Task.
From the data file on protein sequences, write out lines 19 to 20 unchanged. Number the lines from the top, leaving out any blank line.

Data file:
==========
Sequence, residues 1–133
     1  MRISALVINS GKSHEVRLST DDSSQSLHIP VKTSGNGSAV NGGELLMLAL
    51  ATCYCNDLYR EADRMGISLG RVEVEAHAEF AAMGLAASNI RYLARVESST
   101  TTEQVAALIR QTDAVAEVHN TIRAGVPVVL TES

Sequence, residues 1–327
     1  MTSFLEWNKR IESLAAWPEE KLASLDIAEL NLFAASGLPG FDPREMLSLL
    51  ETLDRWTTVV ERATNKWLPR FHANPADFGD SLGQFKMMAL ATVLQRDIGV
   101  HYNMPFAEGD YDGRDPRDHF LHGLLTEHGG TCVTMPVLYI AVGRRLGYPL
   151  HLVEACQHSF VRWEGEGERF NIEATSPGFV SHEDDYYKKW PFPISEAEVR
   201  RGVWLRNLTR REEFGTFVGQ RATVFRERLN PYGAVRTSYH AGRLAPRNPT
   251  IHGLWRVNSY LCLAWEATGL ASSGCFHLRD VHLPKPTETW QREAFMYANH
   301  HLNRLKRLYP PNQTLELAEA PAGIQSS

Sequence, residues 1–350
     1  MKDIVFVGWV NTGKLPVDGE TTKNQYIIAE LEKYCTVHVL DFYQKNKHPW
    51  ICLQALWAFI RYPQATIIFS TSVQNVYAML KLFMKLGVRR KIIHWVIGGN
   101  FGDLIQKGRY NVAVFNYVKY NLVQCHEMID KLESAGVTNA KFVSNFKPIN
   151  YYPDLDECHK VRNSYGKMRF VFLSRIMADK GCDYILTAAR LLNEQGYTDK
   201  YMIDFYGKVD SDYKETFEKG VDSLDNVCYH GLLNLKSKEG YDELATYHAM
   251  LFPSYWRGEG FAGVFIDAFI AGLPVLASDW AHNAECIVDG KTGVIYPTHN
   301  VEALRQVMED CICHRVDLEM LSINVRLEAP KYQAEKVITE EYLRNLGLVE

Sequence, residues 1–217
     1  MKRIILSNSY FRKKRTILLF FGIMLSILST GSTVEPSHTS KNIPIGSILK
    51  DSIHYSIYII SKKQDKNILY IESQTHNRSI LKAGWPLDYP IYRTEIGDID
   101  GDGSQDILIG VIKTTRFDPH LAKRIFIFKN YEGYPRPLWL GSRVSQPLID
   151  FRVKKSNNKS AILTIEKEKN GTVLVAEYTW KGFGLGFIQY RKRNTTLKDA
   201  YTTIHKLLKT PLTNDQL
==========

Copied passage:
   251  LFPSYWRGEG FAGVFIDAFI AGLPVLASDW AHNAECIVDG KTGVIYPTHN
   301  VEALRQVMED CICHRVDLEM LSINVRLEAP KYQAEKVITE EYLRNLGLVE